Dear Congress (1:31 min.)

Write a letter to your member of Congress

It takes more time to send a personalized letter, and as a result, policymakers take them more seriously than what they receive online.

Create and deliver a “laser talk”

RESULTS has created an easy format for our volunteers to use to create powerful “laser talks” – short and compelling talks, less than 2 minutes long, that end with a call to action. Laser talks are the backbone of our advocacy work.

One of the secrets of RESULTS’ success has been our relationship-building work with the congressional aides who handle issues of hunger and poverty. These aides often meet daily with their representatives and senators to offer advice and to interpret the thousands of bills that are introduced in Congress each year. Developing relationships with these aides so that they become our allies in our quest to make champions of our members of Congress is a key component in building the necessary political will to end hunger and poverty in the U.S. and around the globe.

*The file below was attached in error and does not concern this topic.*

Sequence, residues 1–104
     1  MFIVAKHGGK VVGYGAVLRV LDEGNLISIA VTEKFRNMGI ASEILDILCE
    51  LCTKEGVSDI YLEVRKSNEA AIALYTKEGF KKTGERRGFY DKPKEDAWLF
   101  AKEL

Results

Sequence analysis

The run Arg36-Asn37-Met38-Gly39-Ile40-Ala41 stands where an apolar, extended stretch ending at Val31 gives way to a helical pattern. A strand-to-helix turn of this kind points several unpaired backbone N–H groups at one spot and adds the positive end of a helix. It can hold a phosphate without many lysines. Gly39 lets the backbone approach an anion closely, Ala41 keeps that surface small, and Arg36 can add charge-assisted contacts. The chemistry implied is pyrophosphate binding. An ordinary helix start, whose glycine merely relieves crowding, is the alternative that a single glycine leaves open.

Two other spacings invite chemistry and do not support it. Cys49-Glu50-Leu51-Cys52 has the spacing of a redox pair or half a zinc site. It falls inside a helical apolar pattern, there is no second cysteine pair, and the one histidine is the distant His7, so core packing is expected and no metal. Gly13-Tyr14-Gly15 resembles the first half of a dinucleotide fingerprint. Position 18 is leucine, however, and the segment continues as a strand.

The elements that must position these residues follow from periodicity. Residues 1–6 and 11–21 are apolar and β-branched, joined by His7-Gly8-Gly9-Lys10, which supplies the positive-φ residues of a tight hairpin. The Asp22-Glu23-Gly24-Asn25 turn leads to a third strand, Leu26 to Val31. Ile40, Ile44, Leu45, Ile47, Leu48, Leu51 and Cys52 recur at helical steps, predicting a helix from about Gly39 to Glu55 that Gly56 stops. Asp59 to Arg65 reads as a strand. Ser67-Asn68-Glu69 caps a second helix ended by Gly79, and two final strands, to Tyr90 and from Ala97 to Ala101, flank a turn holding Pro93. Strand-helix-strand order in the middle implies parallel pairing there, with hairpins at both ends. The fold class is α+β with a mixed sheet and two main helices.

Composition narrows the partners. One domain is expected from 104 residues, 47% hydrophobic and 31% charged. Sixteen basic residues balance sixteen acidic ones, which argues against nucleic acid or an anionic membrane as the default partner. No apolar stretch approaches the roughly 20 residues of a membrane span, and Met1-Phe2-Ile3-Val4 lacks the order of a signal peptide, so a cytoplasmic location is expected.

1. Learn more about your representative and senators through such webpages as our Legislator Lookup.
  2. Identify the aides in Washington who handle your issues. This may involve a phone call or a visit to the Legislator Lookup.
  3. Begin to build a relationship with the key aides.
  4. Work with your group to establish an effective system of communicating information and requests to the aide, including following up.
  5. Acknowledge your member of Congress for his or her actions and be sure to thank the aide(s) for their help.